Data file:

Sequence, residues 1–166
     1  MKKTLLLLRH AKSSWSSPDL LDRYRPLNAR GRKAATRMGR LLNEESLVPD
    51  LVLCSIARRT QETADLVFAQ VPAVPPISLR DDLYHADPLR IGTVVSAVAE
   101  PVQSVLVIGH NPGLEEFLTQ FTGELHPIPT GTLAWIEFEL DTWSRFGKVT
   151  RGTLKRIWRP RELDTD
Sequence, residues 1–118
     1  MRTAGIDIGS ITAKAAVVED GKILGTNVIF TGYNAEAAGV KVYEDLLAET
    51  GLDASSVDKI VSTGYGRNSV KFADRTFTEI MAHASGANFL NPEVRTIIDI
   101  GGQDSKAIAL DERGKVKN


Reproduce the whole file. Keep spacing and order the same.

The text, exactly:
Sequence, residues 1–166
     1  MKKTLLLLRH AKSSWSSPDL LDRYRPLNAR GRKAATRMGR LLNEESLVPD
    51  LVLCSIARRT QETADLVFAQ VPAVPPISLR DDLYHADPLR IGTVVSAVAE
   101  PVQSVLVIGH NPGLEEFLTQ FTGELHPIPT GTLAWIEFEL DTWSRFGKVT
   151  RGTLKRIWRP RELDTD
Sequence, residues 1–118
     1  MRTAGIDIGS ITAKAAVVED GKILGTNVIF TGYNAEAAGV KVYEDLLAET
    51  GLDASSVDKI VSTGYGRNSV KFADRTFTEI MAHASGANFL NPEVRTIIDI
   101  GGQDSKAIAL DERGKVKN